So far, only the Wrangler has been spared what we can only refer to as the emasculation of Jeep. But the rest of the product lineup, amounting to the cute wittle Liberty and soft cuddly Grand Cherokee until the 2006 Commander arrived, has been compromised by the demands of a public that wants to look like it can go anywhere at any time but usually only rolls into the Trader Joe’s parking lot a couple of times a week, and wants that ride nice and cushy. Adding insult to injury, next year the Jeep Compass debuts, the first vehicle to wear the signature seven-slot grille and round headlights with absolutely no hope of ever traveling California’s famed Rubicon Trail.
Basing the 2006 Jeep Commander on the Grand Cherokee platform has its drawbacks, and we cannot understand why, if the company wanted a seven-passenger SUV, DaimlerChrysler’s excellent Dodge Durango didn’t serve as the starting point. (DaimlerChrysler owns both Dodge and Jeep, as well as Chrysler and Mercedes-Benz.) A Grand Cherokee is not a large SUV. It’s not even a midsize SUV by our standards, since it doesn’t offer 75 cubic feet of maximum cargo volume. So attempting to stuff three rows of seating into the Commander, atop the Grand Cherokee’s solid rear axle no less, seems a mission as futile as teaching Paris Hilton grace, poise, elegance, and wit. If you’re wondering why the Commander looks like a FedEx Box on wheels, getting three rows of seats inside is one reason. The other is that many Jeep freaks miss the old Cherokee, which enjoyed a production run of almost two decades with very few updates.
If the 2006 Jeep Commander still sounds appealing, here’s what you need to know to pick the right model. Choose rear-wheel drive or four-wheel drive. Next, pick an engine. A weak and raucous 3.7-liter V6 makes just 210hp/235 lb.-ft., and though the EPA says you can get 16/20 mpg city/highway, you’ll be flooring this sucker everywhere you go to make up for the power deficit, which means you’ll be getting the same fuel economy as the V8 upgrade. The 4.7-liter V8, optional on the base Commander and standard on Limited models, is the best blend of economy and performance, making 235hp/305 lb.-ft. and rating 15/19 by the EPA. Or put the 5.7-liter Hemi V8 in your Limited for 330hp/375 lb.-ft. and a 14/18 fuel economy rating on 89-octane unleaded. If you get a 4WD model, you can choose one of three systems – light-duty automatic Quadra-Trac I, full-time active Quadra-Trac II with low-range gearing, or full-time active Quadra-Drive II with low-range and electronic limited-slip differentials.
Now you need to choose between standard and Limited trim levels. Every 2006 Jeep Commander includes a sturdy roof rack, power heated folding side mirrors, rear parking sensors, and 17-inch alloy wheels. Inside, the standard Commander is equipped with cloth seats for seven passengers, air conditioning, cruise control, a stereo with a CD player, and a power driver’s seat. Options include leather, a power sunroof, rear A/C, a rear DVD entertainment system, a navigation system, Boston Acoustics speakers, Bluetooth wireless communications, and other goodies. The Commander Limited gets chrome exterior trim, fake bolts for the exterior fender flares, rear exterior grab handles, fog lights, and intelligent headlamps. Limited interiors are decked out in leather, dual-zone automatic climate control, power adjustable pedals, a power sunroof with CommandView rear seat skylights, Boston Acoustics sound, and a one-year subscription to Sirius satellite radio. Limited models can be upgraded with chrome wheels, navigation, and a rear DVD entertainment system. Safety gear for all Commanders includes ABS with EBD and Brake Assist, stability control with electronic roll mitigation, a tire pressure monitor, and side curtain airbags that remain inflated for an extended period of time in a rollover accident.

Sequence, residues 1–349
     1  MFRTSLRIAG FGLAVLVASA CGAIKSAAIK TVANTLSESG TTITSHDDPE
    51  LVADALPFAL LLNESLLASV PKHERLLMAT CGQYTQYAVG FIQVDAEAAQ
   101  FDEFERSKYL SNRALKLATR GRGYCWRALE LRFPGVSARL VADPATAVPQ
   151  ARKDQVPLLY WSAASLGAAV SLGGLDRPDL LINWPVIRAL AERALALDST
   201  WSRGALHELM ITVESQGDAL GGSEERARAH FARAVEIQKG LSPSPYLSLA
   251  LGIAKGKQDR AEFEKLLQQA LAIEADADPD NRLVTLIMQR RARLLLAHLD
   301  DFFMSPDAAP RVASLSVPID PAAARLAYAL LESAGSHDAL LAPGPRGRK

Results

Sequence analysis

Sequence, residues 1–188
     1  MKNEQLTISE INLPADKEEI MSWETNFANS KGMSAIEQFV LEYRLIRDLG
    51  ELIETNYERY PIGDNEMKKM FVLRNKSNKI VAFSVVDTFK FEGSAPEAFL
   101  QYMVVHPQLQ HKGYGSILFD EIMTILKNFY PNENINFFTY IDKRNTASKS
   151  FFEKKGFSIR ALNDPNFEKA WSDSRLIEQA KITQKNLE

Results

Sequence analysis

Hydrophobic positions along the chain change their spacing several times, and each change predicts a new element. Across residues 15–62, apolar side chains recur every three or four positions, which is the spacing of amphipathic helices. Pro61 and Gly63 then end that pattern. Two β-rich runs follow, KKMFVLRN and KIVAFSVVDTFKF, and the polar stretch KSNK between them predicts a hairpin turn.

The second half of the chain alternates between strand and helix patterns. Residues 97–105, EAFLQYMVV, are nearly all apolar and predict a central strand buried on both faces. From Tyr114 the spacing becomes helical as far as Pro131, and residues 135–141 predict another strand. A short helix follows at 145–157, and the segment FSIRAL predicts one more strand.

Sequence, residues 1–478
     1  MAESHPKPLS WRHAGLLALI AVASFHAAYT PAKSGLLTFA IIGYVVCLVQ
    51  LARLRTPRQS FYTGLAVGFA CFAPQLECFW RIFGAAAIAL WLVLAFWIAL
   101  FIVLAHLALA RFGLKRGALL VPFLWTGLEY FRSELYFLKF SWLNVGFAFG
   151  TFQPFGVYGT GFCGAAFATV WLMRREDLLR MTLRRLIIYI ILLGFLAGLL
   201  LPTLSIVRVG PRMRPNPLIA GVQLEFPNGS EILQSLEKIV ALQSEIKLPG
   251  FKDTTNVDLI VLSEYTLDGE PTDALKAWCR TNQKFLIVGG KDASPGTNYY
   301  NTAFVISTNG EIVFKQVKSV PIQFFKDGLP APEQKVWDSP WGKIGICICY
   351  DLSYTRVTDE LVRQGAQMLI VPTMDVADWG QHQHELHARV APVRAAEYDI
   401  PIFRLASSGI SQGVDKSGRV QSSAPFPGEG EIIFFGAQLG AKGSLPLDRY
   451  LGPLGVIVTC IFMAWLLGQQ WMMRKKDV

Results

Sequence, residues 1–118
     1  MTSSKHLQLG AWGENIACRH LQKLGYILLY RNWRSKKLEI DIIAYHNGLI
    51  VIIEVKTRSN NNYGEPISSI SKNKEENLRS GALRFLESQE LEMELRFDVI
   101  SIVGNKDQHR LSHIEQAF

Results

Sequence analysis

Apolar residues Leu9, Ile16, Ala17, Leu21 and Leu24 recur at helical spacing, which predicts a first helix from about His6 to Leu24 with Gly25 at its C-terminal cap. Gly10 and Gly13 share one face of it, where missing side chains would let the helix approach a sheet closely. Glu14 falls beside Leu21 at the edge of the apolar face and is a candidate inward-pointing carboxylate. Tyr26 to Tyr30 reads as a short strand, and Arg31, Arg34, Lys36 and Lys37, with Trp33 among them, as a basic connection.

Cracking wise on Jeep might be deserved, but the bottom line is that despite its faults, we liked the Commander’s interior design, we liked its thirsty 5.7-liter V8 engine, and we liked it more than the Grand Cherokee that donates the foundation. The third row of seats is no more laughable than what Subaru jams into a B9 Tribeca or Toyota crams into the new RAV4, and despite woozy suspension tuning and all-season tires best kept on pavement, the Commander can handle difficult off-roading situations better than most.
Still, with a loaded sticker price of nearly $43,000, an observed fuel economy of 13.4 mpg, a maximum cargo volume of just 68.9 cubic feet, and a marketing campaign that pits this small sport-ute against big guys like the redesigned Chevy Tahoe and newly updated Ford Expedition, our 2006 Jeep Commander Limited test vehicle didn’t strike us as much of a bargain. Consumers are asked to pay dearly for the privilege of owning this powerful, retro-styled Jeep – a premium too steep to justify given the compromises and the competition. If you insist on selecting the Commander, stick with the 4.7-liter V8, keep your fingers out of the cookie jar, and hunt for deals. Despite Jeep’s best intentions, the Commander’s not a sell-out, and dealers are eager for your business.